AN SNP MP has called for the “pause button” to be pressed on the timetable for a second indyref until a clearer picture emerges from the Brexit negotiations, which might result in more powers for the Scottish Government, including a Scottish policy on immigration.

Edinburgh East MP Tommy Sheppard said he supported the SNP’s stance on a material change of circumstances being the trigger for a new indyref, but he repeated the party’s manifesto commitment to seek a softer Brexit than was envisaged before the General Election.

He told The National: “We were absolutely right to do things as we did in March because of the rejection by the British Government of the Scottish Government’s framework document, and it was pretty clear that whatever the outcome was, it was going to be such a dramatic change in circumstances that we had to go ahead with a second independence referendum no matter what.

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“What I’m saying now, because the General Election has changed that, is that we should wait to see what Brexit looks like before deciding whether or not to have an indyref, but it still remains an option.

“I’m saying press the pause on the timetable until we see where we’re at.”

Sheppard added: “If the British Government maintains its belligerent position and refuses any differentiated arrangements, refuses to listen to the Scottish Government, then we should go ahead with indyref.

“Then, the General Election changes nothing.

“I think there’s a prospect that it might lead to a Brexit that is a lot softer than what we were heading for and that allows more powers for the Scottish Government and things like the possibility of regional immigration policy – all of that’s now on the agenda in a way that it wasn’t before.”

Sheppard dismissed claims that there had been a widespread switch from the SNP to the Tories in the General Election.

“Perhaps in areas where it’s overlaid with Brexit, like in the north east, there was a switch from SNP to Tory but in my seat and all the others in the central belt that’s not the story at all,” he said.

“Here, there was a switch from Labour to Tory which was masked by a much bigger switch from SNP to Labour, not because of the indep- endence message, but because of the Corbyn effect.

“That gives Scottish Labour leadership something of a dilemma because they now have a more pro-indy support than they’ve ever had and have won seats on the basis of a leader that they detest.”

Sheppard’s remarks came as Scottish Secretary David Mundell said he foresees “no circumstances” for a second referendum before the 2021 Holyrood elections Mundell told the BBC’s Sunday Politics Scotland: “The people of Scotland sent Nicola Sturgeon and the SNP a very, very clear message in the General Election, with the cataclysmic performance of the SNP compared to the 2015 General Election.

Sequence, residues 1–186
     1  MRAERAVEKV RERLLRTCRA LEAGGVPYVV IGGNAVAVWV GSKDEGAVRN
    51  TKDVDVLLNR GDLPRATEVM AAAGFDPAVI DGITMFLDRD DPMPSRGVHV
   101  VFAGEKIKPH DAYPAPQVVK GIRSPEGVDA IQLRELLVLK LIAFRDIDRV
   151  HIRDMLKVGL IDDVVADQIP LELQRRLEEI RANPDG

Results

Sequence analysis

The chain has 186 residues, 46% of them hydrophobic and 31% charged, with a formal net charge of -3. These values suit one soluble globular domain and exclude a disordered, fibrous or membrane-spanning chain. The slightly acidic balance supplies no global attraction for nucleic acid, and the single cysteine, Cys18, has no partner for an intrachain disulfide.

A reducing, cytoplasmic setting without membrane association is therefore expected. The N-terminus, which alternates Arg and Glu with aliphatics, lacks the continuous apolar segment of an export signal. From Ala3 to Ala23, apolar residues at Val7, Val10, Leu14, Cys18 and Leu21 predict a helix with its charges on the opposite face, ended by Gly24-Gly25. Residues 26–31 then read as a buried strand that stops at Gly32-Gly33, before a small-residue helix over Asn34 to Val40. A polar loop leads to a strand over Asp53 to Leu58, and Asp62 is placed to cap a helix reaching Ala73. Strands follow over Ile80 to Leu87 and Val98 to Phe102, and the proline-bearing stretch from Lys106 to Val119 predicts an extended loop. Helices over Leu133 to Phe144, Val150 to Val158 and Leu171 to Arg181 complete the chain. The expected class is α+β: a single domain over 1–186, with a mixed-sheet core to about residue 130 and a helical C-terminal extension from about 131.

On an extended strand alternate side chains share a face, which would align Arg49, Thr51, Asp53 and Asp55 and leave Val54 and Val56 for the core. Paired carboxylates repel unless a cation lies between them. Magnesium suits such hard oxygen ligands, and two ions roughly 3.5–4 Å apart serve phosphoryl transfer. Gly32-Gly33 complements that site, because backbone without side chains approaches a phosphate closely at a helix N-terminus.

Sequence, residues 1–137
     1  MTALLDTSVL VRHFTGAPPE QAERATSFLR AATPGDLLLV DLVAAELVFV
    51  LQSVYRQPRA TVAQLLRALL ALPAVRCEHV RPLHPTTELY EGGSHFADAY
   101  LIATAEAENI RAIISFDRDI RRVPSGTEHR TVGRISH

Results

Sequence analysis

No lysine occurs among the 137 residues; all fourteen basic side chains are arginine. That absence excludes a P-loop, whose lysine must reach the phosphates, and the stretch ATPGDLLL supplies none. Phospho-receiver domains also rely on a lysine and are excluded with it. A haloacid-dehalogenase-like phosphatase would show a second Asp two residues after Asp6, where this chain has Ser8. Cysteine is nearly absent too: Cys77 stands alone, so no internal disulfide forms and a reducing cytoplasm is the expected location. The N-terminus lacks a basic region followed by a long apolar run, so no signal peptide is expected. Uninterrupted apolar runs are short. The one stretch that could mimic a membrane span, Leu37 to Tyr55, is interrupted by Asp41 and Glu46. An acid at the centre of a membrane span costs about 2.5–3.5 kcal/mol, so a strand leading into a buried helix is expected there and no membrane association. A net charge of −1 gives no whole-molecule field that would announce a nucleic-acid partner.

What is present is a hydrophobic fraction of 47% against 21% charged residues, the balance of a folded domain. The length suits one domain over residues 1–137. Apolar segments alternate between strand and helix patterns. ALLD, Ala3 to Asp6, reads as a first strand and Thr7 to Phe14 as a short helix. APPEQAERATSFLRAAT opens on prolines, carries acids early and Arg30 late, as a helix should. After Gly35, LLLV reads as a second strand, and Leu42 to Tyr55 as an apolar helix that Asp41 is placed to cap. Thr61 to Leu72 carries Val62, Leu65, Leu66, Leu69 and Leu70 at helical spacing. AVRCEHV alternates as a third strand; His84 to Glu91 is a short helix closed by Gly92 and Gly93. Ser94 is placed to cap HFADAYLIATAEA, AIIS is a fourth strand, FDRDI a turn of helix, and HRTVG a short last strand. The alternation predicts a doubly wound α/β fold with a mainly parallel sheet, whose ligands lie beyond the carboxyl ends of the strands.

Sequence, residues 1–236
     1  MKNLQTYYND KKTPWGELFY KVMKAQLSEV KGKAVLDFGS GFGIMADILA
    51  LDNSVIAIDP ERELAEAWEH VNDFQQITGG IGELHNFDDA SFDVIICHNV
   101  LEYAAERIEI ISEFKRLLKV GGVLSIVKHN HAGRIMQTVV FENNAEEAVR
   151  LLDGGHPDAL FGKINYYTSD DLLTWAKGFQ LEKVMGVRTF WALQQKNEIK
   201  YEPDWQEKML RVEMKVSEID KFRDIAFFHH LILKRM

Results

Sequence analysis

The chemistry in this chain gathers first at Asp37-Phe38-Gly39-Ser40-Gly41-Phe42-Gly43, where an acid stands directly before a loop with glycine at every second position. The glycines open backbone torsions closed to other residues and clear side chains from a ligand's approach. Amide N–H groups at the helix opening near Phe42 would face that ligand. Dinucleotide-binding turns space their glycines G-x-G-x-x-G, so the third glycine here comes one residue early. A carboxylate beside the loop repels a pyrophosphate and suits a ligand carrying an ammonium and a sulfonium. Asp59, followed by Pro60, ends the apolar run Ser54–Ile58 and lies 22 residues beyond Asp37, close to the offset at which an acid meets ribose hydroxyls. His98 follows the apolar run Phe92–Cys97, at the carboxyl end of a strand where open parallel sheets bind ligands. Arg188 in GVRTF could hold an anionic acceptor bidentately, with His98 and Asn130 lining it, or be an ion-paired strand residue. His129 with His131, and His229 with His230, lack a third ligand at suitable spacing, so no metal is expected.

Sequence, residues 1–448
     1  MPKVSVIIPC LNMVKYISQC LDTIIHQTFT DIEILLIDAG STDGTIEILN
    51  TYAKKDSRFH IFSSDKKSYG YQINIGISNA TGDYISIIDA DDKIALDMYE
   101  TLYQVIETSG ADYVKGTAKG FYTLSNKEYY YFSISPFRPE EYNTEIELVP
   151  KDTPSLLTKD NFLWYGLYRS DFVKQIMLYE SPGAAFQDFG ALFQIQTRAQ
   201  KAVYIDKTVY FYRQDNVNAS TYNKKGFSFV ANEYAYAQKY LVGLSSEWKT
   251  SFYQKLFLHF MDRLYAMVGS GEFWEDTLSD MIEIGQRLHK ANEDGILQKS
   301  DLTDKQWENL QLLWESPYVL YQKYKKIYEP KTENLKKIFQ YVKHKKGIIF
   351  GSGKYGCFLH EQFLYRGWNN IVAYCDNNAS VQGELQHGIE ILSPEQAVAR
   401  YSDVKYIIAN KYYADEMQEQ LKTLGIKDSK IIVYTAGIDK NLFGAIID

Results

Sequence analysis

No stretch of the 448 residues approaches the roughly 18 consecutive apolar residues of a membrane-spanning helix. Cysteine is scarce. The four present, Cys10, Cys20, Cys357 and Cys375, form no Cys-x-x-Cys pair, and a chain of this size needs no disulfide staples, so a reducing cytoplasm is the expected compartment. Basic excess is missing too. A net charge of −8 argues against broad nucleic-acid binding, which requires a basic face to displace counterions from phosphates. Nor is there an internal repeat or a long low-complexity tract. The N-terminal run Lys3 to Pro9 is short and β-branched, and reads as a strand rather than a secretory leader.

“They want that threat of an independence referendum taken off the table. I don’t see any circum- stances in which there is going to be an independence referendum before the 2021 Scottish Parliament elections.”

Deputy First Minister John Swinney told the programme: “Our proposal always was that we should have this referendum, if we have it, at the end of the Brexit process. We’ll consider those proposals and we will consider them in the light of the election campaign.”

Swinney said the conclusion of the Brexit process would be at the end of March 2019, two years after the triggering of Article 50. “The Prime Minister has told us the finish is two years away from the triggering of Article 50,” he said. “That’s been the clear commitment given by the UK Government and we set our proposals on the basis of that commitment.”

Former SNP political adviser Alex Bell, meanwhile, said the party should “shut up about indyref2”, adding: “The UK is in genuine crisis and there’s no loss of face in letting that settle until some undetermined date.”

He wrote in a Tory Sunday newspaper: “Sturgeon should do the right thing by the nation and commit to real improvement in health and education, knowing the benefits may not be evident until after the 2020 election, and do the right thing by independence by explaining why short-to-mid-term risk is worth taking for long-term gain.

“Until that time, shut up about indyref2 … and shut up about Brexit – play a part in softening it, but stop making it seem like the business of Holyrood to fix.”

The latest interventions came after former justice secretary Kenny MacAskill said the SNP should “abandon” its current push for indyref2 as “neither the mood is there for it, nor the support in existence to win it”.

MacAskill said the campaign should be sidelined following the party’s performance in the General Election, which he said cannot be “ignored or explained away simply as Unionist tactical voting”.

Scottish Labour’s election campaign manager James Kelly said calls for Sturgeon to ditch plans for a second referendum are now “deafening”.

He said: “The uncomfortable truth for the SNP leader is that Scots don’t want another referendum – they want her to get on with the job of fixing the mess she has made of our schools and hospitals. Now even senior figures in her own party seem to agree.”

“If Nicola Sturgeon still won’t listen to the public, she should listen to her own advisers and ditch her plans for a divisive second independence referendum immediately.”